When you think of love in Indian cinema, the effervescent actress undoubtedly stands apart from the rest!
Irrespective of what anyone might say, on February 14 every year, many across the world celebrate the power of love and romance on Valentine’s Day. This cultural import has made its presence felt in a country where difficult social barriers often come in the way of love.
It is more than coincidence that on this day, we also celebrate the birthday of Madhubala, an icon of Indian cinema who mesmerised audiences with not only her exquisite beauty but also her ability to render some of our deepest emotions on screen.
If one were to choose an icon of Indian cinema, who symbolises the unparalleled power of love on screen, there are very few actors anyone would choose over Madhubala.
Born Mumtaz Jehan Begum Dehlavi in 1933, Madhubala began her acting career at the tender age of 9 to provide financial support to her family. With the active assistance of her father, Attaullah Khan, who would remain an overarching, if not controversial figure during Madhubala’s short life, she reached superstardom.
It was Devika Rani, an actress from yesteryear, who saw unbridled potential in the young actress and advised her to assume the screen name of Madhubala. She bagged her first lead role opposite the iconic Raj Kapoor in the 1947 film Neel Kamal, which was the last time she was listed as Mumtaz.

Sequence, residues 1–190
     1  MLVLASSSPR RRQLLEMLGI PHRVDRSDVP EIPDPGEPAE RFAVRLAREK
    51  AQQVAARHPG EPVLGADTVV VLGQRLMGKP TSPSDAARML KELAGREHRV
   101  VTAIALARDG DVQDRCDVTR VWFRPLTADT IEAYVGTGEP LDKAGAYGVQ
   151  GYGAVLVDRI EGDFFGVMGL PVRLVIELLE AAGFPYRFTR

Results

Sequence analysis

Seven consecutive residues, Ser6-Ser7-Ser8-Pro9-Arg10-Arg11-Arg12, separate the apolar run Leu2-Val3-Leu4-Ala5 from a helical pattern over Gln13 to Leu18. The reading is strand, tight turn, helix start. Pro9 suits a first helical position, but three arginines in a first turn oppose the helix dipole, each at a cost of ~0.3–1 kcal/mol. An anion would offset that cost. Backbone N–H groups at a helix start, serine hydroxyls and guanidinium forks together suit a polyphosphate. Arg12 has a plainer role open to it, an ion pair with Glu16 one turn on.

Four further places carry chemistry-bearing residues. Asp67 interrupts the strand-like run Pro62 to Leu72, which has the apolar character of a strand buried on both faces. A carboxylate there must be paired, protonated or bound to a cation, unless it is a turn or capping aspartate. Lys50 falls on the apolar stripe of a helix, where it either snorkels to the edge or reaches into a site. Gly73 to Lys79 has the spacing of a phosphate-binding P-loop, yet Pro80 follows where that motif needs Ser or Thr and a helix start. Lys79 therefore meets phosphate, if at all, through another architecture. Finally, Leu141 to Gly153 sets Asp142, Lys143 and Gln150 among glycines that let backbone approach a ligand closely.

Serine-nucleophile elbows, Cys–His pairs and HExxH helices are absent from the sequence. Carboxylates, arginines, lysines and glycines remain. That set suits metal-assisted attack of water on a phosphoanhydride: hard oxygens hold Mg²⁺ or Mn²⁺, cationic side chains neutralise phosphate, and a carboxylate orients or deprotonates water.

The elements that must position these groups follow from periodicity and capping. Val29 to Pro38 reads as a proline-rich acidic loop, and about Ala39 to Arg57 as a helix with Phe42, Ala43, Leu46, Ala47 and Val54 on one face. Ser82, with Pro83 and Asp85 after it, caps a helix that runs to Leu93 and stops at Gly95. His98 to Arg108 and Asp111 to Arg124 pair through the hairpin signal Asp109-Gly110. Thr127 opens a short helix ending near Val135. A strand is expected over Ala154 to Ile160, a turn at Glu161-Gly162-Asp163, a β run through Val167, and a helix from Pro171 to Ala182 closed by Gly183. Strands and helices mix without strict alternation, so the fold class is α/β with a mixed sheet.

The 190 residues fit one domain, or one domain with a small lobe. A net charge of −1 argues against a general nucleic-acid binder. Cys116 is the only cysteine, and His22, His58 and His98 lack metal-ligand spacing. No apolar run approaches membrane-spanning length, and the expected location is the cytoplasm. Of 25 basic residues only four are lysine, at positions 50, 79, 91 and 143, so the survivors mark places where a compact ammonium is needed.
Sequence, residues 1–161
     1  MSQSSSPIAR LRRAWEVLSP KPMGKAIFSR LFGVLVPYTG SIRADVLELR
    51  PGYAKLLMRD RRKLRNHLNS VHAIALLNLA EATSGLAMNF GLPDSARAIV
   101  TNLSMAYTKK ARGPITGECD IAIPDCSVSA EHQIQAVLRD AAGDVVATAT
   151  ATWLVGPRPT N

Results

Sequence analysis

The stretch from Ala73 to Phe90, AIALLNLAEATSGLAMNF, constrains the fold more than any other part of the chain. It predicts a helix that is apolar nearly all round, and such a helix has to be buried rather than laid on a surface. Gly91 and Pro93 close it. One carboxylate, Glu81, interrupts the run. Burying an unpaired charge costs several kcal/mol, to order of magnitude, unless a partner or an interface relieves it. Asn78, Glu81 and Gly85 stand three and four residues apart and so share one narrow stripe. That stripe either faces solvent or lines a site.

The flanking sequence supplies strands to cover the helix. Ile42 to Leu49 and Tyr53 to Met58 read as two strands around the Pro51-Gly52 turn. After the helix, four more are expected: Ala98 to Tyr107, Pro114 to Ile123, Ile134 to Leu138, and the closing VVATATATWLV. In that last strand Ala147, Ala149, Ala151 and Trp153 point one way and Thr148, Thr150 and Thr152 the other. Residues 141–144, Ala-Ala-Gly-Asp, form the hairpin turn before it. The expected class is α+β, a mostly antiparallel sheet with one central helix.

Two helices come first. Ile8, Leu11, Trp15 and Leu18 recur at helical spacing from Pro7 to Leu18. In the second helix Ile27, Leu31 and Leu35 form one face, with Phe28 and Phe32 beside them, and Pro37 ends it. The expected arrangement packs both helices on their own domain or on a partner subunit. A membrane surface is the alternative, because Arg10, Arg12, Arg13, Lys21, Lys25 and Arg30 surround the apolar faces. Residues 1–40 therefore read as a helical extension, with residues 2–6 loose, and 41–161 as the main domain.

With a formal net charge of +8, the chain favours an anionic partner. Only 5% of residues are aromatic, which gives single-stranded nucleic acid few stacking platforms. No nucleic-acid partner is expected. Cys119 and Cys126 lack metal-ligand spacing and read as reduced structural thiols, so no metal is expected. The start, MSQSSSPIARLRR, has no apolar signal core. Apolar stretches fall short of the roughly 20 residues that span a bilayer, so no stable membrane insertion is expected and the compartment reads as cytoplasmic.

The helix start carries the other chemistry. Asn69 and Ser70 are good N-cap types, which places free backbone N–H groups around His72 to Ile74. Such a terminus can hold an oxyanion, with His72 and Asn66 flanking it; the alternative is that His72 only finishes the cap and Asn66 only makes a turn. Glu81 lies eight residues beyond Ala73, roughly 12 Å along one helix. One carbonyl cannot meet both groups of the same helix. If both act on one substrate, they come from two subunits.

In a life spanning just 36 years, she did a range of memorable films including Mahal (1949), Amar (1954), Mr and Mrs ’55 (1955), Chalti Ka Naam Gaadi (1958), Howrah Bridge (1958) Mughal-E-Azam (1960) and Barsaat Ki Raat (1960).
Remember that this was post-Independence India, where times were difficult both economically and socially and in that climate, her movies did leave behind an indelible impression. Many of these stories which Madhubala portrayed on screen were love stories set in the backdrop of poverty, exploitation, complicated family relations, and misery peppered with songs, which are still heard in many Indian households today.
“Madhubala lived a short life but achieved a lot in that short span of time. In those days, acting was not considered appropriate for women but with her remarkable acting skills and timeless beauty, she created a mark for herself and is remembered with warmth till date,” Madhubala’s sister, Madhur Brij, told the Press Trust of India, during the unveiling of a wax statue of ‘Anarkali’ at the Madame Tussauds museum.
Read also: [In PICTURES] 26 Rare Photos of Madhubala to Remind You Why She Was Such a Goddess
Despite churning out memorable performances, her last years were very difficult. A broken relationship with Dilip Kumar, also a Bollywood icon, allegedly over the antics of her father, a difficult marriage with singer/actor Kishore Kumar and congenital heart condition discovered in 1954, made life difficult.